Well, we haven’t painted the brick yet, but this week, we did make a tiny (both in price and in size) update that made the front of our home a little more visually appealing.
The light that’s just about over my head in the photo above used to be an outdated brass number (see below) that is not uncommon on homes, but not attractive either. What made the situation worse, was the location of the light. I’m not sure why they opted to install the fixture 6 feet away from the front door to start with, but it has made finding something that will work there a little challenging.
It needed to be something that didn’t protrude too far, didn’t hang too low, and didn’t draw too much attention to itself. We also hoped for something a little more modern since the front of our home looks pretty traditional and we love to mix modern and traditional inside.
We came across this matte black wall lantern while shopping at Lowe’s and it was a whopping $19. We couldn’t put it in our cart fast enough.
It reminds me a lot of this one from Rejuvenation that I’ve been eyeing for this spot, but there are some distinct differences like the size, the quality, and this $19 version is only opened at the bottom.
I was impressed that the Lowe’s version came with a bulb, however, it was pretty small and a very cold color (if you’ve listened to Ep. 13 of our Podcast, you know I am kind of particular about my light bulbs), so we picked up a different one for about $8–which we also found at Lowes.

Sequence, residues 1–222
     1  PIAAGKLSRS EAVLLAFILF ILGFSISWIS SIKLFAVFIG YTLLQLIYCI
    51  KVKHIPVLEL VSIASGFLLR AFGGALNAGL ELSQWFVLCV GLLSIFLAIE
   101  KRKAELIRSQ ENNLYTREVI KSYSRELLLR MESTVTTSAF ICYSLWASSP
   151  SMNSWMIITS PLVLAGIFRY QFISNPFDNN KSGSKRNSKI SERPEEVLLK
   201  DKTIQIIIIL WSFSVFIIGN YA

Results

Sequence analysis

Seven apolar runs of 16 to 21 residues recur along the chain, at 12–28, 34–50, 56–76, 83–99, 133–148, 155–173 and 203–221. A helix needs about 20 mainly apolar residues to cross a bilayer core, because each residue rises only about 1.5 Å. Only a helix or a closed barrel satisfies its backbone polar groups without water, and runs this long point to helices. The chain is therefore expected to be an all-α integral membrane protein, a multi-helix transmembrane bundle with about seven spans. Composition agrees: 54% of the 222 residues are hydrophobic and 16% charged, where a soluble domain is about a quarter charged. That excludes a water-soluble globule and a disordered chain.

A few things I look for in a lightbulb are:
1. The Kelvin Color. Around 2000K will give you a really orangey glow light. And closer to 5000K will give you a bluish tint–“daylight bulbs” are kind of known for that. My favorite Kelvin color is right around 2700-3500K. It seems to be a bright white without being too cold or too warm. You’ll find a scale on every bulb box.
2. Wattage. Most fixtures tell you a maximum wattage that the light can handle. In this light’s case, it was 65W or a 13W equivalent. Since it was an outdoor light, I wanted to get as much power as it could handle, but this was as close as I could get. Have you ever gone over the recommended wattage? What even happens if you’re dealing with LEDs like this? How could a light handle 65W but not over a 13W equivalent? (Should have sprung for the 75W)
3. The last thing I look for is the lumens which tells us how bright the light is going to be. 800 is my favorite Lumens. But if it is a bare bulb indoors, you might want to go down on the lumens.
I would say the install was relatively easy with one hiccup–the holes in the junction box didn’t line up with the holes on the mounting plate, so Chris had to drill an extra hole. Worth it.
This light plays a really good supporting role to our main fixtures on either side of the garage (these) and does a good job lighting the stairs. But, in the future, we’d love to add a ceiling fixture right above the front door for additional light. For now, and for $19, I can’t express how excited I am to not see that little brass guy when walking up to the front door.